Are you prepared for the reskilling revolution? If you don’t feel like you’re ready to ride the crest of the wave of one of the biggest changes to the jobs market since the industrial revolution, read on.
The tech world has been abuzz in the last few years talking about how technological disruption could impact the jobs market and the future of work, but the worry has come into sharp relief of late.
According to research conducted by the McKinsey Global Institute, 70pc of executives at large companies (defined as those with more than $500m in annual revenue) anticipate that the march of technological progress could affect as much as a quarter of their workforce over the next five years.
Meanwhile, a 2016 study co-piloted by the MIT Sloan School of Management and Deloitte concluded that while 90pc of companies are aware that massive change in the digital sphere is just around the corner, only 44pc feel they are adequately prepared for it.
So, it seems that businesses and workers alike feel a little like sitting ducks, watching massive change taking place but slightly at a loss as to how to cope with it. How about you? Do you feel prepared for the ‘reskilling revolution’?
If you’re finding that there is a ball of anxiety forming in the pit of your stomach about how the skills you currently have will fare in this ever-changing market, you can put your fears to rest – you just need to keep calm and retrain. This raises another question, however: how do you determine what is best to train in?
Online learning platform Udemy for Business has released a brand new report detailing some of the most in-demand tech and soft skills for 2018. It analysed the skills that its 20m users are learning on both Udemy and Udemy for Business, and determined the ‘trending’ ones.
The top tech skills
In terms of tech skills, programming language Kotlin topped the charts. First released in February 2016 as an alternative to Java, Kotlin helps streamline Android app development. According to Udemy for Business, learning on Kotlin courses spiked by a factor of 95 since last year.
Kotlin addresses some of the issues with Java, namely that the language is verbose, error-prone and generally sluggish to modernise. When Google announced formal support for Kotlin in May 2017, consumption of courses skyrocketed.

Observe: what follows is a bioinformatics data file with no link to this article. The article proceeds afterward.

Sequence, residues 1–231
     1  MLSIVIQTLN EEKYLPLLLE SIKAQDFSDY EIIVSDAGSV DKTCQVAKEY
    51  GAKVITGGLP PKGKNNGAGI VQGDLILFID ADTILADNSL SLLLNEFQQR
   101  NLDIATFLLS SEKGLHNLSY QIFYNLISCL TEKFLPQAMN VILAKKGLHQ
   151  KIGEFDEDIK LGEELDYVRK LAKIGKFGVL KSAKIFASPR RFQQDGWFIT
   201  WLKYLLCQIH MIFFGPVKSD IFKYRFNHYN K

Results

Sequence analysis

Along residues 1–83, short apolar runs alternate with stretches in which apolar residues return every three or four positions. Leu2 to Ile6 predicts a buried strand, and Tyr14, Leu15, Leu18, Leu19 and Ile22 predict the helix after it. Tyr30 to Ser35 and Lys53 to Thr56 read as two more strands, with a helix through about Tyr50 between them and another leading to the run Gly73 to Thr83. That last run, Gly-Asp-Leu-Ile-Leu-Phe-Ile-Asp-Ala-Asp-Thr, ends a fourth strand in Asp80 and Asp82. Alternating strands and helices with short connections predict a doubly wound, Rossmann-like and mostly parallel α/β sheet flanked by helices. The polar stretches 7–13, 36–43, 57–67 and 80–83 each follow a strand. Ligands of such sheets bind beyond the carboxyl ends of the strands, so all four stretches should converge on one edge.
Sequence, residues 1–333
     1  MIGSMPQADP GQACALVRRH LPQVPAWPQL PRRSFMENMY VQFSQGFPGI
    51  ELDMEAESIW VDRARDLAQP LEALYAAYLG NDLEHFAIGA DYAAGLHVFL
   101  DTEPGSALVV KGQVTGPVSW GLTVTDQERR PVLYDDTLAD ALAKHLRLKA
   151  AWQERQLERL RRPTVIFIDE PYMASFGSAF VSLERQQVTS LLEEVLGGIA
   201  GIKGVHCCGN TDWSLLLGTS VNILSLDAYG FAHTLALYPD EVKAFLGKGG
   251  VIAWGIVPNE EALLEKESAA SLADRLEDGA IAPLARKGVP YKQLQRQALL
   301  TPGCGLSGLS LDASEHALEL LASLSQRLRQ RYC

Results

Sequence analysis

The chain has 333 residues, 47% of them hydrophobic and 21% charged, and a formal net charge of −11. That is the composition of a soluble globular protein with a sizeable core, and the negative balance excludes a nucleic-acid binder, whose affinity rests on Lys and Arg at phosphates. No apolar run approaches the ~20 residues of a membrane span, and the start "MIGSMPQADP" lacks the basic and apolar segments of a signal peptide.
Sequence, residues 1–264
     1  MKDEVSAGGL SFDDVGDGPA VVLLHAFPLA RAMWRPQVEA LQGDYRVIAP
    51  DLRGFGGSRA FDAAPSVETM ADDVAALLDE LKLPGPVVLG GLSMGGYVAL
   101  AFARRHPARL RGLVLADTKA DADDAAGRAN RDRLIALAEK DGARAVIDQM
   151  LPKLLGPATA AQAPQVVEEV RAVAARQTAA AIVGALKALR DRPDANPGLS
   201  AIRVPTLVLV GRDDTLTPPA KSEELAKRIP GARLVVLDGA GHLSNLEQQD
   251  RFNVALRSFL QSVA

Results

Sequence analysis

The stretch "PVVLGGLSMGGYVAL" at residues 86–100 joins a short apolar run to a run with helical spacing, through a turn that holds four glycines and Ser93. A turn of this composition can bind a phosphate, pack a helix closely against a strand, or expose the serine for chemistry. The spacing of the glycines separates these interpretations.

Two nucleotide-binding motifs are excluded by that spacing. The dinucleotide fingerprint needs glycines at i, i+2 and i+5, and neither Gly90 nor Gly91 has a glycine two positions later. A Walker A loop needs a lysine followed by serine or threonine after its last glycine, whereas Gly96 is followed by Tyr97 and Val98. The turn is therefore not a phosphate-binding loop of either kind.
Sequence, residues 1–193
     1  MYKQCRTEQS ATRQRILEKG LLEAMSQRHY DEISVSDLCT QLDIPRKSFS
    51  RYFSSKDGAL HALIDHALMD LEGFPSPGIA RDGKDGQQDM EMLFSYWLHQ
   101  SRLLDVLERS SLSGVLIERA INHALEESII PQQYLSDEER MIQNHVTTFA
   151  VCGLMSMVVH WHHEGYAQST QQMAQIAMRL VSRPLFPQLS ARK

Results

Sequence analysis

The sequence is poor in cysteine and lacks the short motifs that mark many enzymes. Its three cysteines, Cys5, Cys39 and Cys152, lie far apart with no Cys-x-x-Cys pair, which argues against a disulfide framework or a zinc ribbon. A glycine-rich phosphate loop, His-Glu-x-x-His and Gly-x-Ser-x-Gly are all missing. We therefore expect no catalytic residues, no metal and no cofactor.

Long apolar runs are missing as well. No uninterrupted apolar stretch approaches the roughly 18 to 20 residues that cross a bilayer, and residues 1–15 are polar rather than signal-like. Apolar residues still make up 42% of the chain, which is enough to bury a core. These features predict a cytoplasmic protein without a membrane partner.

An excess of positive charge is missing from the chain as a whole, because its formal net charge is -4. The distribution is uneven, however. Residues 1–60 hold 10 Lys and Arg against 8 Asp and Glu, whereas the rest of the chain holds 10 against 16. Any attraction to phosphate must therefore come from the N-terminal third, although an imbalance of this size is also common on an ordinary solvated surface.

Coming in at second place was neural networks, also known as deep learning. Udemy for Business saw growth by a factor of 58 in the number of learners in this field compared to last year, and it’s easy to see why. The potential of automation technologies has become clear and an array of industries – such as online retail, finance and healthcare – and all of the biggest players in the business world are keen to capitalise.
In third place came project management, which saw growth by a factor of 42. According to the Project Management Institute, the demand for qualified talent within this profession is huge, and the talent shortage can pose a risk to companies – failure to meet this demand could result in a loss of $207.9bn in gross domestic product through to 2027.
Artificial intelligence was ranked the eight-hottest tech skill for 2018, seeing an uptick in demand by a factor of 31 for courses related to it.
Ethereum and blockchain, GraphQL, and Apache Kafka were among the others that saw a huge swell in demand.
Emotional intelligence needed
As well as listing the most in-demand ‘hard’ skills, Udemy for Business also compiled the ‘soft’ skills that saw the greatest increase in number of learners.
SkillSurvey states that as much as 77pc of employers now believe that soft skills are as important as hard skills.
Leadership and manager training came in at number one on the soft skills list, which is unsurprising, as these kinds of skills always have been, and will continue to be, critical to the success of any organisation. This was followed by emotional intelligence, a vital attribute both in fostering more collaborative workplace cultures and being generally useful to those working in fields such as sales, customer service and management.
Business writing was ranked at number three, with 44pc of managers reporting that writing was the skill most sorely lacking in college graduates.
To view the results of the Udemy for Business report in full, the e-book can be downloaded by clicking here.
Updated, 8.23am, 14 June 2018: This article was updated to attribute the report findings to Udemy for Business.